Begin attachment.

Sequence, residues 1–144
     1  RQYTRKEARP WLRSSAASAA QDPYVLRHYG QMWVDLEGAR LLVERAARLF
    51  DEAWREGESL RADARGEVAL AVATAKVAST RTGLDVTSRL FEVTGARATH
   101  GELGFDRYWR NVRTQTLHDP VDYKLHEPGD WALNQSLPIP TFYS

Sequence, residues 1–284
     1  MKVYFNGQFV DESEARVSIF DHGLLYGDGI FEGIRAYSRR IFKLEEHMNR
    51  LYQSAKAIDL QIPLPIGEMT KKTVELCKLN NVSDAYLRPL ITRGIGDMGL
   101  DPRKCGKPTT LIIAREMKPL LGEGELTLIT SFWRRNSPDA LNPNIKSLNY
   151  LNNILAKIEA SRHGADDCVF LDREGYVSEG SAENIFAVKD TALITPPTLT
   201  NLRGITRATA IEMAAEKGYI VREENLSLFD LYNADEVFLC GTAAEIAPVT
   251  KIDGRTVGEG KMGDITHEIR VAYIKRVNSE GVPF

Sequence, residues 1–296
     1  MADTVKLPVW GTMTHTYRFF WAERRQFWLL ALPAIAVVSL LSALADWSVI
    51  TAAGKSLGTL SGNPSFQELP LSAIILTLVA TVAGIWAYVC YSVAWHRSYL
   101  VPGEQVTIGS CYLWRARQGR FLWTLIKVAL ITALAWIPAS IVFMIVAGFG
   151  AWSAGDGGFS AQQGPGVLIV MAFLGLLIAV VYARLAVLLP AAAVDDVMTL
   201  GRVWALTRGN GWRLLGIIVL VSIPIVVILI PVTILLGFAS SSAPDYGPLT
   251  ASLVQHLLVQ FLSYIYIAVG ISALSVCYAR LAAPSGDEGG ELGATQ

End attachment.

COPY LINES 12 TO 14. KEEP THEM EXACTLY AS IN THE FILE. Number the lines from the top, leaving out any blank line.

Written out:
Sequence, residues 1–296
     1  MADTVKLPVW GTMTHTYRFF WAERRQFWLL ALPAIAVVSL LSALADWSVI
    51  TAAGKSLGTL SGNPSFQELP LSAIILTLVA TVAGIWAYVC YSVAWHRSYL